When this test returns true, then the IF function will return “All Categories“, so that this will be the value that will display on the card visual. When the logical test returns false, it runs the CONCATENATEX part of the syntax and returns the selected category.
Now, when you remove filters from the slicer, the card visual will return “All Categories”, instead of a list of all the categories from the Products[Categories] column.
A further option you have is to adjust the measure in such a way that, when a particular number of categories are selected, the card presents the count of selected categories instead of listing out the names of those categories. This alternative approach enables you to display the card’s value more succinctly.
Selected Category = IF( NOT( ISFILTERED( Products[Category] ) ), "All Categories", If( COUNTROWS( ALLSELECTED( Products[Category] ) ) > 3, "Four or more Categories", CONCATENATEX( ALLSELECTED( Products[Category] ), Products[Category], " & " ) ))
To update the Selected Category slicer, you need to add a new IF statement. The IF statement checks if the number of selected values in the Products[Category] column is greater than three using the syntax COUNTROWS(ALLSELECTED(Products[Category])) > 3.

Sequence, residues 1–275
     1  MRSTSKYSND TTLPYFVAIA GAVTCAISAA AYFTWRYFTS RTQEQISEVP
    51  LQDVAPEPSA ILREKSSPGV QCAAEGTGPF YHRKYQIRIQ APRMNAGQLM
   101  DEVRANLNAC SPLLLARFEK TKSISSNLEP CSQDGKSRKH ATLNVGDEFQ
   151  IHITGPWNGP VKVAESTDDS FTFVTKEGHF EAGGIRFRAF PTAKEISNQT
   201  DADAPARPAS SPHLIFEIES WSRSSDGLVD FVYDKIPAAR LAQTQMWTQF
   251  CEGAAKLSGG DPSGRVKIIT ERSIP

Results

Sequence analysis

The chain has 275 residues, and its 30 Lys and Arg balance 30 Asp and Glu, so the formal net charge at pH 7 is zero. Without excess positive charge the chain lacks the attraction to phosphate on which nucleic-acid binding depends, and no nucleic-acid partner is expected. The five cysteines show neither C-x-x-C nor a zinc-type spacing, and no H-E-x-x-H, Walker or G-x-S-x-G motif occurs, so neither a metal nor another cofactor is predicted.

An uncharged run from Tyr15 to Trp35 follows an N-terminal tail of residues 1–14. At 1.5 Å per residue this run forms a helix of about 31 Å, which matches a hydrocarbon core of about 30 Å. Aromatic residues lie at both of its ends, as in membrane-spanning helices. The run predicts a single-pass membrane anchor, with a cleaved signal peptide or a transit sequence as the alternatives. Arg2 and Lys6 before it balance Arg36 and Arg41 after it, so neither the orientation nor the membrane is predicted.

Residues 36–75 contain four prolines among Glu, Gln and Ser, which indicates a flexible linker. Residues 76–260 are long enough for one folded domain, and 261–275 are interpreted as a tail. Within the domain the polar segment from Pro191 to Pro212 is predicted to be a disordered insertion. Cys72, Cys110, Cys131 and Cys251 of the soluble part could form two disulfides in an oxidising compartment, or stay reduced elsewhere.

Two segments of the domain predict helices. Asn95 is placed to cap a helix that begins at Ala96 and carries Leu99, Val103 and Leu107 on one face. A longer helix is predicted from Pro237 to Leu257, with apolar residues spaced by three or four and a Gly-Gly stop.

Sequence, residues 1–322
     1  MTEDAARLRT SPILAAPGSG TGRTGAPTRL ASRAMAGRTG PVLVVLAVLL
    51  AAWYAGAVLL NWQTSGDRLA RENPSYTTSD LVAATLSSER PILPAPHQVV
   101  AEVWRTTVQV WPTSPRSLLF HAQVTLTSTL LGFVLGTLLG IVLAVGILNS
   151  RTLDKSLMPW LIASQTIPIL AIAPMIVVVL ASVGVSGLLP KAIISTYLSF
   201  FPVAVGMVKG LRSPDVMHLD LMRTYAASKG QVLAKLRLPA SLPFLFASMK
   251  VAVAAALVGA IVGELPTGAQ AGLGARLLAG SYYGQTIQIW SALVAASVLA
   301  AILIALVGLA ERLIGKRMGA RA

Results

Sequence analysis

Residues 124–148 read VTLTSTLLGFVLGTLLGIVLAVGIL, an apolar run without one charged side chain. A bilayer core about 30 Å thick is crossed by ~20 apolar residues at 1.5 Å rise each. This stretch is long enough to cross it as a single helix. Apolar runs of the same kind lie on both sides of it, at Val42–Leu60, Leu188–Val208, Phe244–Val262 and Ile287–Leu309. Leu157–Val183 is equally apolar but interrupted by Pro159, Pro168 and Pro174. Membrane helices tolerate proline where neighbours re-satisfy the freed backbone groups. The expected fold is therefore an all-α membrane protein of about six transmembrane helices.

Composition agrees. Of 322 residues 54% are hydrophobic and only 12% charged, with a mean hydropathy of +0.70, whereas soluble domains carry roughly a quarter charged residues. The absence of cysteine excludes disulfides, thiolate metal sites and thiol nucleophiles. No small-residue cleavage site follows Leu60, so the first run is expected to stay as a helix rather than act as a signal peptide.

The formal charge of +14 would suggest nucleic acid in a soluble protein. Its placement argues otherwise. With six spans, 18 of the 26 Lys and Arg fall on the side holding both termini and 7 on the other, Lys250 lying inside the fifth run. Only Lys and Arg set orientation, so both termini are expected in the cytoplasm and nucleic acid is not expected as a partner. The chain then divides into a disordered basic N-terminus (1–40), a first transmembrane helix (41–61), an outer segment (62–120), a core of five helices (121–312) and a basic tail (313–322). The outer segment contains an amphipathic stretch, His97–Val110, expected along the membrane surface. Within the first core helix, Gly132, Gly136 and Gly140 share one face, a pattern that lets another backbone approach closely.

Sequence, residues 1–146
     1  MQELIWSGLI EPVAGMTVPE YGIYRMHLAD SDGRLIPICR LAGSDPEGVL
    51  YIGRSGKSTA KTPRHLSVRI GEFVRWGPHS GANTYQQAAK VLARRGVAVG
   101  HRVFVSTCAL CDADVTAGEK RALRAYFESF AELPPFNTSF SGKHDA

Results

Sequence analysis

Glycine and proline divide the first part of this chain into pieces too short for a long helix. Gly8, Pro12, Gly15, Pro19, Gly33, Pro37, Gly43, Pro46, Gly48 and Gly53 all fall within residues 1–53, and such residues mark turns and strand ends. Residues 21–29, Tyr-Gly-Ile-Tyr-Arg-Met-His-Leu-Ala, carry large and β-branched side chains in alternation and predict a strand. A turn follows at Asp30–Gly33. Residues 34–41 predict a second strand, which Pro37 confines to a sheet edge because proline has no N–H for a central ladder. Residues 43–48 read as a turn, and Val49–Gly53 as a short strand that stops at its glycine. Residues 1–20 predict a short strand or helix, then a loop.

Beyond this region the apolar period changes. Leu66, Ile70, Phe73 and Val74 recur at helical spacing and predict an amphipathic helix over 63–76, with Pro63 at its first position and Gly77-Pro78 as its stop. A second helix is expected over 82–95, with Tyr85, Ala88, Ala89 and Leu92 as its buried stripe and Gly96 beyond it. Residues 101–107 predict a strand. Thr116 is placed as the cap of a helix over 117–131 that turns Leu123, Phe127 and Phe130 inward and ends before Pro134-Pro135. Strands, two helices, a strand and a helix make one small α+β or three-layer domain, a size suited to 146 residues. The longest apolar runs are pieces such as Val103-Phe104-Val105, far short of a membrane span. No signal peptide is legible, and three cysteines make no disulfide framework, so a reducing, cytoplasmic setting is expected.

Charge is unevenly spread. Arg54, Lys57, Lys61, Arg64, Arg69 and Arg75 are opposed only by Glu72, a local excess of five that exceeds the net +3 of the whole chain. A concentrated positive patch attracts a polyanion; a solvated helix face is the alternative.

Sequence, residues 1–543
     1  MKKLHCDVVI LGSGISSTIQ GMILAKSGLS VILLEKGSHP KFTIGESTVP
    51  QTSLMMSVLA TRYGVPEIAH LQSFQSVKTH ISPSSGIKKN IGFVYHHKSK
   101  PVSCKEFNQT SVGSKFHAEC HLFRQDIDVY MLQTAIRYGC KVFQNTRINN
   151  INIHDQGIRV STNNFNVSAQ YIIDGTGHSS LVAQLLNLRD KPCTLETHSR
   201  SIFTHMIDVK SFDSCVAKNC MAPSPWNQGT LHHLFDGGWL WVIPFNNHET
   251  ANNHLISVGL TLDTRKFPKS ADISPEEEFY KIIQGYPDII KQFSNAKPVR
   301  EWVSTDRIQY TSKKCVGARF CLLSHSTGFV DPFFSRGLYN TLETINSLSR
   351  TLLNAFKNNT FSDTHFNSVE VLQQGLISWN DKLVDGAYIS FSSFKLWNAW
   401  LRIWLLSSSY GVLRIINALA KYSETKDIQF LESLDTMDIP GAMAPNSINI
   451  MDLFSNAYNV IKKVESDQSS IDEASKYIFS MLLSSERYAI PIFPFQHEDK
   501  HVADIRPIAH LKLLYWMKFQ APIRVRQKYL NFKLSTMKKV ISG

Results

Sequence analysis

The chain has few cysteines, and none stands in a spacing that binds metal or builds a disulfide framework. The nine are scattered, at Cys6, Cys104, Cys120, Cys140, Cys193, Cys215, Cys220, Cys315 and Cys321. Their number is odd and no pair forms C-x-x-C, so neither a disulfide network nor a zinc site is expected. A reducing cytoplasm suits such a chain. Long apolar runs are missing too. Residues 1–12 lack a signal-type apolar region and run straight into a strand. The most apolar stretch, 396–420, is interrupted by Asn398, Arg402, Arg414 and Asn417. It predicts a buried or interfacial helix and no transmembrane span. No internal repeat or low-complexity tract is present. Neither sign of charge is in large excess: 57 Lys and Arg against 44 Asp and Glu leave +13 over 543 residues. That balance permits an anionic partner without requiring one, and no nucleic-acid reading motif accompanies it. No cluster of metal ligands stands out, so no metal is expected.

If this condition is true, the visual will display “Four or more Categories”. Otherwise, the CONCATENATEX function will run and return the selected value from the categories.
The second IF statement is nested in the FALSE argument of the first IF statement. This means that if the first IF statement returns FALSE, the second IF statement will be executed.
Selecting all values in a Power BI report can be a time-saving and efficient way to analyze large datasets. With the methods described in this post, you can easily select all values in a slicer or remove all filters in a visualization.
In addition, implementing the DAX syntaxes outlined in this post can optimize your report by facilitating the identification of the specific groups or categories of data being represented.
By utilizing this method, you can produce a clear and succinct report that is easily comprehensible for all users.